I first heard of People of the Book back in November or December of last year, through HRH who was reading it at the time. When she had explained the plot to me one evening, I was frankly unimpressed. Sounds like a Historian copycat, I remember saying to myself, and brushed it off.
Three weeks ago, I found myself in a pinch. I was craving a book to read, but I was tired of Sherlock Holmes (which I had been reading for a couple weeks straight), and all the rest of my books were sitting in paper bags towards the back of a very chaotic living room (compliments of being in mid-move). HRH came to my rescue, with some books from her library, which had not yet been packed up. People of the Book was one of the several she suggested. Although I had brushed it aside all those months ago, I was desperate, and desperation is a funny thing. I expressed my thanks, took the book, and began to read it.
I liked the book almost from the start — which certainly surprised me, because I was so set on disliking the book. I wrote this in my journal the day after:
I am nearly halfway done with People of the Book, and all I can say at this point is, “Wow.” Brooks is a good writer, and I wish I could write down all the well-put and clever phrases that caught my attention. […]
I do. I really wish I could copy down all the phrases and descriptions that I thought were particularly striking. But I don’t think it could be possible, without copying the bulk of the book into my journal. Brooks’ writing is so descriptive, and rich in imagery and emotion.
Here is one good (albeit, unpleasant) example:
The young man spoke with difficulty. When they had unscrewed the gag and pulled the metal bulb from his mouth, four fractured teeth had gone with it. His lips were torn at each corner, and when he opened them to speak, a fresh spurt of blood trickled down his chin and dripped onto his stained smock.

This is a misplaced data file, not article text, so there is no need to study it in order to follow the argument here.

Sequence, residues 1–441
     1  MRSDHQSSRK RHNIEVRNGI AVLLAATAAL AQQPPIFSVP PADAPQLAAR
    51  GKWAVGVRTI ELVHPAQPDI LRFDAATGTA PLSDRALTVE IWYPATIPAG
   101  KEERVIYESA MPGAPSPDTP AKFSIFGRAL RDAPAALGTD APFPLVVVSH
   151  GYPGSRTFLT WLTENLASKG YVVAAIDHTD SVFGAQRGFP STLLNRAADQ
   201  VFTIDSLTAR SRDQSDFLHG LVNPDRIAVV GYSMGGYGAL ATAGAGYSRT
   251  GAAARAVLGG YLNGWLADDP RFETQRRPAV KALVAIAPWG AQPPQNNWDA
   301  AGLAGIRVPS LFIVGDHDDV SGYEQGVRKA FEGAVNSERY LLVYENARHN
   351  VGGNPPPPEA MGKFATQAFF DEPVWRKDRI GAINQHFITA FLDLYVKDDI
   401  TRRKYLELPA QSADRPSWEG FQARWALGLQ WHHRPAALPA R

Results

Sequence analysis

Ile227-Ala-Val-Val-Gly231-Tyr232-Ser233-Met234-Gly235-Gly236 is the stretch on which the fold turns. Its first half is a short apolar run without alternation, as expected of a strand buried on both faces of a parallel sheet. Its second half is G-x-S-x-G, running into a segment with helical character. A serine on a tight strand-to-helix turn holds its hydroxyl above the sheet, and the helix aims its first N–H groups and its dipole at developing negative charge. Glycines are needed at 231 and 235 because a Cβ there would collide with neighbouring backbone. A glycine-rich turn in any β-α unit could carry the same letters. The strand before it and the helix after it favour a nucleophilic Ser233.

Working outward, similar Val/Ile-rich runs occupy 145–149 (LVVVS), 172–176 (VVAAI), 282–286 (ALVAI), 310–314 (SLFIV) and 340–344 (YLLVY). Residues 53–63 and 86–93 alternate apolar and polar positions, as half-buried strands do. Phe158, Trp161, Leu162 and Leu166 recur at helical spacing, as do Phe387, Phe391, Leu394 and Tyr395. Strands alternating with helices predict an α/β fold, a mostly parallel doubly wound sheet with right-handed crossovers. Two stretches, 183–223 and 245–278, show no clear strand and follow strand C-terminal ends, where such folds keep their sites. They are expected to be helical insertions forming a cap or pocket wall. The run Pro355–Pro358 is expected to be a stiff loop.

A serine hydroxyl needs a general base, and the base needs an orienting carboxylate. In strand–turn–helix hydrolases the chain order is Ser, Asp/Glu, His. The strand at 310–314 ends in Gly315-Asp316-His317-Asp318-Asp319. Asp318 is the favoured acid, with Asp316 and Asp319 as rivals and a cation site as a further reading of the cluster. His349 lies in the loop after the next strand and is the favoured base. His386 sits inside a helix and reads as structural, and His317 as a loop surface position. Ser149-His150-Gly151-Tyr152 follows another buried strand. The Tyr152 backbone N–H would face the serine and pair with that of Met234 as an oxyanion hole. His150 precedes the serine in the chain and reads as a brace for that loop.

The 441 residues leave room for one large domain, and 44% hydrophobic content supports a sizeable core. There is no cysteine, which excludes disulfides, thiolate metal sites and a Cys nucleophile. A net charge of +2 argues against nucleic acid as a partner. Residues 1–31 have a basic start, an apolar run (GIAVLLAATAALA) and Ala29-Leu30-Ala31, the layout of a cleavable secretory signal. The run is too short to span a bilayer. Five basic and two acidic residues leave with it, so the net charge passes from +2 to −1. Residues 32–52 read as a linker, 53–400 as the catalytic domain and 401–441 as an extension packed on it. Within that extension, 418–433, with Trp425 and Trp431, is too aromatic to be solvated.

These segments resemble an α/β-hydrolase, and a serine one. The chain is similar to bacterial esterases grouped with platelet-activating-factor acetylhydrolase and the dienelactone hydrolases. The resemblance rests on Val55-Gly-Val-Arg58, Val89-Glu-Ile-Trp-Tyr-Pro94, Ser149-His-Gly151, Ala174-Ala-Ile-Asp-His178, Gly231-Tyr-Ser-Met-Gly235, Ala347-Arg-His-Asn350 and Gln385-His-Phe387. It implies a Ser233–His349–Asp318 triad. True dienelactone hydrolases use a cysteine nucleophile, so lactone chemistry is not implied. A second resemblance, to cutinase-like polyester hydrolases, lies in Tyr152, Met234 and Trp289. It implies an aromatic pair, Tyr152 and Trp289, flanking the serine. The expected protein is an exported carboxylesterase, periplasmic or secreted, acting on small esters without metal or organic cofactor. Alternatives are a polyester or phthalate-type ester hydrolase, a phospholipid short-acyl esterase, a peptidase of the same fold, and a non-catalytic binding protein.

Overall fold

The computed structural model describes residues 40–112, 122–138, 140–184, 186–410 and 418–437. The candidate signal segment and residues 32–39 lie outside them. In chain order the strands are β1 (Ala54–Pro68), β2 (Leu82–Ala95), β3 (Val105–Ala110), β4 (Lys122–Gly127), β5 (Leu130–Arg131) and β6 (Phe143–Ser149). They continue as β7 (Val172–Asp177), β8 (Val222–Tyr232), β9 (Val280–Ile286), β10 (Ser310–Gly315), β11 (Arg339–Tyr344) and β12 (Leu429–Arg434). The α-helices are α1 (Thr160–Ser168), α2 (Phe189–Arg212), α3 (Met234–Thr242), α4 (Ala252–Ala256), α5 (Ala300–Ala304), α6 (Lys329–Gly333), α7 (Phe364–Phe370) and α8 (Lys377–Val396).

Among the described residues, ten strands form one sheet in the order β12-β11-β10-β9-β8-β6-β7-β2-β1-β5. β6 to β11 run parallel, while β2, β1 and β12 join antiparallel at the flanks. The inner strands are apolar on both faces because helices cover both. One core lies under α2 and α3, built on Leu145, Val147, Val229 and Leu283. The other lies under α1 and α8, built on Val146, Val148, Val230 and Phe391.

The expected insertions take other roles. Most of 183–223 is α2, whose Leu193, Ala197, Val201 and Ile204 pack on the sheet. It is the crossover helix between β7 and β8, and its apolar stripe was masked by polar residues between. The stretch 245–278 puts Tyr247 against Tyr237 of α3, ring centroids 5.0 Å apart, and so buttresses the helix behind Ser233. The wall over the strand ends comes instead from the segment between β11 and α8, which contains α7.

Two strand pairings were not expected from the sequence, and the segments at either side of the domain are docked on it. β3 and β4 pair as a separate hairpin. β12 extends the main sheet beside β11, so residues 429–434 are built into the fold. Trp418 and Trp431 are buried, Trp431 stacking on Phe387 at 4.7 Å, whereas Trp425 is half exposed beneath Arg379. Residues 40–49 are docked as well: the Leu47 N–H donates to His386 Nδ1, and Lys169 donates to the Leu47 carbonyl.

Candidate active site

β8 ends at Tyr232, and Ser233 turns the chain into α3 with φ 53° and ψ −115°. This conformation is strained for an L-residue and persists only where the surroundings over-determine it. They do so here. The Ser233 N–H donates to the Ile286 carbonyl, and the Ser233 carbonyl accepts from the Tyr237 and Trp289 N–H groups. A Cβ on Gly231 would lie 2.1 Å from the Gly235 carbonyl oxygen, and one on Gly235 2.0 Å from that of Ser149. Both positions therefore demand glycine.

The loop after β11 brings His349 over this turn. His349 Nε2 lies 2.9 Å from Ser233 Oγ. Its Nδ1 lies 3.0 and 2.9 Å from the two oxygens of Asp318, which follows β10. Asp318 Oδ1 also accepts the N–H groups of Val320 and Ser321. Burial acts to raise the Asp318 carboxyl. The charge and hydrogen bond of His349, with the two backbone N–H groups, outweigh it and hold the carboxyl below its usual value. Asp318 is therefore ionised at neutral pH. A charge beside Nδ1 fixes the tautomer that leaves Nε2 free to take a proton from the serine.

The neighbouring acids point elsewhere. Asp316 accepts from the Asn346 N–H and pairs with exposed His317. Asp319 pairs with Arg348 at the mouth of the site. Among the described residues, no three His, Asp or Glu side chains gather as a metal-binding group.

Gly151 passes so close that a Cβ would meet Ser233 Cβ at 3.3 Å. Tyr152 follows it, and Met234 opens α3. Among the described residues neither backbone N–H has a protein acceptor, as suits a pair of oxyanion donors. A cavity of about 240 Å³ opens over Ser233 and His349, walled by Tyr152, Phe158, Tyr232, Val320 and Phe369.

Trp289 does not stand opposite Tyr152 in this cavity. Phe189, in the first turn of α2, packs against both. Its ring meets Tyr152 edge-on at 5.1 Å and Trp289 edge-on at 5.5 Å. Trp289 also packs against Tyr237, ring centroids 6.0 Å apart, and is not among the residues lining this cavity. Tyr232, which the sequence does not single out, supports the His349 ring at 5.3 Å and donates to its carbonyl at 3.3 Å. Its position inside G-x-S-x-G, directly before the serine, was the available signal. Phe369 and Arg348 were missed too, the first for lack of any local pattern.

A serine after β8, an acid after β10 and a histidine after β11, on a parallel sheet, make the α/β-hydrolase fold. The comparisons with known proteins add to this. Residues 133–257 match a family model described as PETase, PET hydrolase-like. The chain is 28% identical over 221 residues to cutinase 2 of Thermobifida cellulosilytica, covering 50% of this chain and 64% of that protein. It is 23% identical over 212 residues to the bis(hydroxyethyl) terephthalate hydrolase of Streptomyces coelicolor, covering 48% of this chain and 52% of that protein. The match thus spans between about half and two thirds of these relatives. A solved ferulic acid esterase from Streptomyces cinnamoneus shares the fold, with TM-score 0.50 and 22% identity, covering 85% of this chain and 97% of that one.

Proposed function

You see what I mean? So vivid and emotive. You can’t help but be pulled into the world of each character: to see what they see, and feel what they feel. (That chapter, by the way, was the hardest to read. Wow, the Spanish Inquisition was no joke.)
The story is, for lack of a less clichéd word, rivetting. As with The Historian, the thrill of the story lies primarily in the story’s capacity for instruction (namely, world history), and for spiriting me away to exotic locales, such as Venice, Bosnia, and Vienna. Reading the book is like taking a trip to the parts of the world that I have never been to, and taking part in work that I want to do but cannot because I lack the knowledge and the credentials necessary.
In hindsight, I should have said “the thrill of the story lies in part in etc. etc.” As much as I enjoyed the history lessons and the vicarious traveling, what I liked most of all about the book was its focus on the relationship between books and people.
People of the Book is not so much a story about the Sarajevo Haggedah, but about the characters who brought it to life, who handled it, and who ultimately preserved it. The story is about their lives, their struggles and fears, their hopes and desires, and how their stories intertwined with that of the Haggedah’s. What captivated me was how ordinary these characters are, and how none of them sought to be a part of something big and famous and world-shaking. And yet, through their seemingly ordinary actions, their courage, and a generous dash of fate, they not only managed to preserve the Haggedah but unwittingly left their marks — their memories, their stories — in the codex. In a way, the characters became the Haggedah. And likewise, the Haggedah became them, as a repository of memories and lives, and deaths. Perhaps that is why books are so precious to me: because they withstand time in a way that humans cannot. And yet that imperviousness is so fragile, and so dependent upon the next generation of people.